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I said, “Please don’t talk to strangers, baby,” but she always do.

June 4, 2009

Earlier this year, the Huffington Post ran an extensive interview with Bob Dylan in advance of his latest album, and got him to open up about some of his favorite songwriters. A beatific smile spread across my face when Bob dropped Randy Newman’s name.

“What can you say? I like his early songs, “Sail Away,” “Burn Down the Cornfield,” “Louisiana,” where he kept it simple. Bordello songs. I think of him as the Crown Prince, the heir apparent to Jelly Roll Morton. His style is deceiving. He’s so laid back that you kind of forget he’s saying important things. Randy’s sort of tied to a different era like I am.”
-Bob Dylan

Newman’s been a favorite of mine for years. I love the humor and social commentary in songs like “Sail Away” and “Political Science.” I love the heartbreaking sentimentality in stuff like “Louisiana 1927” and “Dayton, Ohio – 1903.” But more recently, I’ve just really grown to love his smartass comments about love and women in songs like “Shame,” “The Girls In My Life, Pt. 1” and the song that I’ve basically adopted as my own gospel, “Lover’s Prayer.”

I suppose it makes sense in that even with songwriters like Dylan and Billy Bragg who have a lot of things to say about society, the working class and politics, I always gravitate to their songs dealing with love. It’s not that I can’t identify with songs about workers or politics. I just find it a lot easier to identify with songs about relationships.

And both unmarried and continuing to age, I find it very easy to identify with the songs about failed or tumultuous relationships.

All of this leads us into the month’s edition of “Vs.” wherein we look at one of Randy’s better-known laments, “Have You Seen My Baby?”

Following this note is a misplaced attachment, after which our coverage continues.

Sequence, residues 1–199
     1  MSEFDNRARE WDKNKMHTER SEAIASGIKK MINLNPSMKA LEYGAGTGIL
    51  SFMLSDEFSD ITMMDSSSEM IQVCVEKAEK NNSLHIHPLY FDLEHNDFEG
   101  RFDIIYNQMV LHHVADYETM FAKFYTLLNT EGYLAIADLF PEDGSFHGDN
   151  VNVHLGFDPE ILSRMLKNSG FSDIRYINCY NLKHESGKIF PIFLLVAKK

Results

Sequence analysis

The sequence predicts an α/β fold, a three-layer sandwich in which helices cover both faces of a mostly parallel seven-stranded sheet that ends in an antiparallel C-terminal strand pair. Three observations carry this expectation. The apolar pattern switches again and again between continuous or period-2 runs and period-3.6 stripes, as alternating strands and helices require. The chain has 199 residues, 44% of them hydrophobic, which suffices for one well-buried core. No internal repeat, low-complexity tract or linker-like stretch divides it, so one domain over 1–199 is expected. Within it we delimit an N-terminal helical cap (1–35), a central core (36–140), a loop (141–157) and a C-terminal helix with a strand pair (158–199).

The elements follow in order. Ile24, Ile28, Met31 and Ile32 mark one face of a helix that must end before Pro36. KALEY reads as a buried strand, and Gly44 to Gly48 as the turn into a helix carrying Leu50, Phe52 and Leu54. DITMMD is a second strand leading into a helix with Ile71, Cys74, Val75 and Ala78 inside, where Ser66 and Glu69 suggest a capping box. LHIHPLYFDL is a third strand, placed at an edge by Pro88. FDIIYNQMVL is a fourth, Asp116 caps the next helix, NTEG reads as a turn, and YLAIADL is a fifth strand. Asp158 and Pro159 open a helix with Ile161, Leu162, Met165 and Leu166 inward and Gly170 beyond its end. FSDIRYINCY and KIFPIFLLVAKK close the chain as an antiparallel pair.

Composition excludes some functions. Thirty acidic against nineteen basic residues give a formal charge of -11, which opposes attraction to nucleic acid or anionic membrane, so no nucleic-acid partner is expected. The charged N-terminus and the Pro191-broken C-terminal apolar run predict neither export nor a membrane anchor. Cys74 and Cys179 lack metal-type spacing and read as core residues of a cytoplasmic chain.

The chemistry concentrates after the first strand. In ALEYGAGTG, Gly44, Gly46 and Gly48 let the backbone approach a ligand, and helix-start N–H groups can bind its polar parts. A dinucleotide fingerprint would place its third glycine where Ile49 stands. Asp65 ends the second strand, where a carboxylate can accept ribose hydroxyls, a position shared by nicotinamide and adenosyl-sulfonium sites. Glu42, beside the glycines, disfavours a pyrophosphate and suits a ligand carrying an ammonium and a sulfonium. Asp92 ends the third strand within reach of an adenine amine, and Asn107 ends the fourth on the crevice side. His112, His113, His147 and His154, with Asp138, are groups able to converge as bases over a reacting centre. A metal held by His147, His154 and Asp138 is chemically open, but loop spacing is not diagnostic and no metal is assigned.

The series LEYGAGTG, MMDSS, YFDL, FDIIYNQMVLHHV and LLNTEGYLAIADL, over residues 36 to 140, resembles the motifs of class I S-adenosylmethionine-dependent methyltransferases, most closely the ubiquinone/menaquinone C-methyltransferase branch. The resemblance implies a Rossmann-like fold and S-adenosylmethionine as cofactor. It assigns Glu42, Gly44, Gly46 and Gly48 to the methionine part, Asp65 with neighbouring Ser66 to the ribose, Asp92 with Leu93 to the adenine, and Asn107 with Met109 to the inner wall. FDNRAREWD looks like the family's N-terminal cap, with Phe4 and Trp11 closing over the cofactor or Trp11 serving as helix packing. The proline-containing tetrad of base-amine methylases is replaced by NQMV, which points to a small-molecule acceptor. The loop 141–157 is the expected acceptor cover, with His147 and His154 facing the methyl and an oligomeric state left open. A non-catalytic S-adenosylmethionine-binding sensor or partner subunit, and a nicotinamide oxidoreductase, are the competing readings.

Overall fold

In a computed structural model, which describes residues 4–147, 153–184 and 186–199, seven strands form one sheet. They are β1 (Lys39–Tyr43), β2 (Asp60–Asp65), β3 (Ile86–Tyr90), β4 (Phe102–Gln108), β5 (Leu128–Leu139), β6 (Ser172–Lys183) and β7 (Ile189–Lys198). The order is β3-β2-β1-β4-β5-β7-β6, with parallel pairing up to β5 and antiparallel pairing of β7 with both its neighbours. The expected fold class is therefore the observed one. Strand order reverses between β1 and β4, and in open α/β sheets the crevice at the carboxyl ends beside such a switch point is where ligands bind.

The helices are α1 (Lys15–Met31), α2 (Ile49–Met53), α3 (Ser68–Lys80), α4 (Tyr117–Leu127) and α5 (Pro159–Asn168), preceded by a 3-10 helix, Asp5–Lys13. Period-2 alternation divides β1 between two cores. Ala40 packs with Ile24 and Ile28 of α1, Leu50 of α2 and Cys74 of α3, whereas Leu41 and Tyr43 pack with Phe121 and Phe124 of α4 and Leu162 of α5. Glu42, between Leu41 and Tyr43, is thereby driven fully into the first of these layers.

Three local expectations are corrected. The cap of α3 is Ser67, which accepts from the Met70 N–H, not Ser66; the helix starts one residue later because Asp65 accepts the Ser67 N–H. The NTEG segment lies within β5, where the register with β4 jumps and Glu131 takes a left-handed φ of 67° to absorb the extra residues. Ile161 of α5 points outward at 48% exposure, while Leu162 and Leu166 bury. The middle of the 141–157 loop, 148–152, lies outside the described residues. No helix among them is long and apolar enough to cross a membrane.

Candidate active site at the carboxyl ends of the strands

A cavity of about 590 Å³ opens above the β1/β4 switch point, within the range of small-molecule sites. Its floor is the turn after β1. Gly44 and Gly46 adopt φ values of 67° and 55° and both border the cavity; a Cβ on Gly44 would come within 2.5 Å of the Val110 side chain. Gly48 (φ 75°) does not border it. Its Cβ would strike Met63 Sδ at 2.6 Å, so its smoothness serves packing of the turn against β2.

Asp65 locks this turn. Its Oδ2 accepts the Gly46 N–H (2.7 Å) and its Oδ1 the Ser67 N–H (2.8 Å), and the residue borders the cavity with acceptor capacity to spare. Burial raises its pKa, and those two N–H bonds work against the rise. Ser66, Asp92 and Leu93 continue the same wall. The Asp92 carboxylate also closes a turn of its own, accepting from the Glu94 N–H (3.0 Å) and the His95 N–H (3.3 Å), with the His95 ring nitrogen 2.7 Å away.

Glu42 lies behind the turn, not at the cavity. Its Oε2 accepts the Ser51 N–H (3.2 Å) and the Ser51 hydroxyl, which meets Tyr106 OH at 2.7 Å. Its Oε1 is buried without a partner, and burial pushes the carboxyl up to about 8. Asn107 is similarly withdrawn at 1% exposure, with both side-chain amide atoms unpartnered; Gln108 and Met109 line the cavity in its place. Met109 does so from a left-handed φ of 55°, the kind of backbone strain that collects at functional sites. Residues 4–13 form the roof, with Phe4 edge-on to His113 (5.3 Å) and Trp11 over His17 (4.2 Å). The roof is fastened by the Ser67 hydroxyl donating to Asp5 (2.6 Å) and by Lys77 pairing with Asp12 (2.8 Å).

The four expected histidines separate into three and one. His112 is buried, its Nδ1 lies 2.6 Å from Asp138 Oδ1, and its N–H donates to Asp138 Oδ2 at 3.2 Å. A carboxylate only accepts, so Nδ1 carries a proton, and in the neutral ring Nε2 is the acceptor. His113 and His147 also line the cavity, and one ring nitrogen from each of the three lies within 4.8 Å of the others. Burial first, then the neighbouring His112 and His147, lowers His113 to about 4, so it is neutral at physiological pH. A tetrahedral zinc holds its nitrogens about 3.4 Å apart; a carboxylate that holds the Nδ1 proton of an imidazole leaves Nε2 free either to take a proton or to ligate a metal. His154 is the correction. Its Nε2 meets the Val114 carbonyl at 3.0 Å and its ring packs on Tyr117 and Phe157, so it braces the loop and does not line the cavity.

The interesting thing about Newman as opposed to Dylan is that although a lot of people like to cover his songs (think momentarily about the many stabs at “Feels Like Home” or “I Think It’s Going to Rain Today”), few artists tend to better Randy’s versions. Not blessed with the most golden of vocal cords, Newman’s voice is unique in a Dylan-esque way, but that uniqueness highlights what he’s singing almost like nobody else can. The range is limited and it sounds like a cynical guy talking at you who’s either winding you up for the enjoyment of everyone else at the bar or a simpleton that might or ready to give a hearty “…and f*ck you” to you and everyone else in there.

So I guess it’s either very funny or very appropriate the Ringo Starr was able to interpret some of Randy Newman’s lyrics better than almost everyone in the course of history that’s tried (a list which includes Nina Simone, Peggy Lee, Dusty Springfield and Harry Nilsson, mind you).

Ringo’s personality — even today with the “Stop writing me letters” BS — has never been one of cynicism. It’s been one of charm, aloofness and almost painful affability that makes you want to be his best friend for the stories and jokes. And maybe it’s that kind of personality that makes “Have You Seen My Baby?” even more effective in his hands than it does in Newman’s own.

The song was originally part of Newman’s 1970 album, 12 Songs (solid album, but worth checking out for “Lover’s Prayer” alone) and explains the anxiety of a man somewhat attached to a female muse that cavorts with gypsies, milkmen and any number of strangers. Newman’s delivery gives it that grumbly “motherf*cker…” undertone, which is not without its merits and I think is relatable for the countless men now and forevermore who will sooner or later find themselves in a comparable position.

But when Ringo covered it on his 1973 album, Ringo (more famous for being the first post-breakup album to include all four Beatles), he came at it with his genuine Ringo-ness. The thing about this is that instead of conjuring up the “I know the feeling” sympathies, Newman’s does, it conjures up actual “Oh, poor thing. I want to take care of you” sympathies. And it does this despite the fact that Ringo’s backing band is a lot tighter and willing to rock on the song than Newman’s was.

As big of a Newman fan as I am, I actually think Ringo delivers a much more effective version of the song. Maybe the key to a good Randy Newman cover, then, is a general inability to sing?

That’s just me. What says you?

randyvsringo

Randy Newman Vs. Ringo Starr
“Have You Seen My Baby?”

Randy Newman – Have You Seen My Baby?

Ringo Starr – Have You Seen My Baby?

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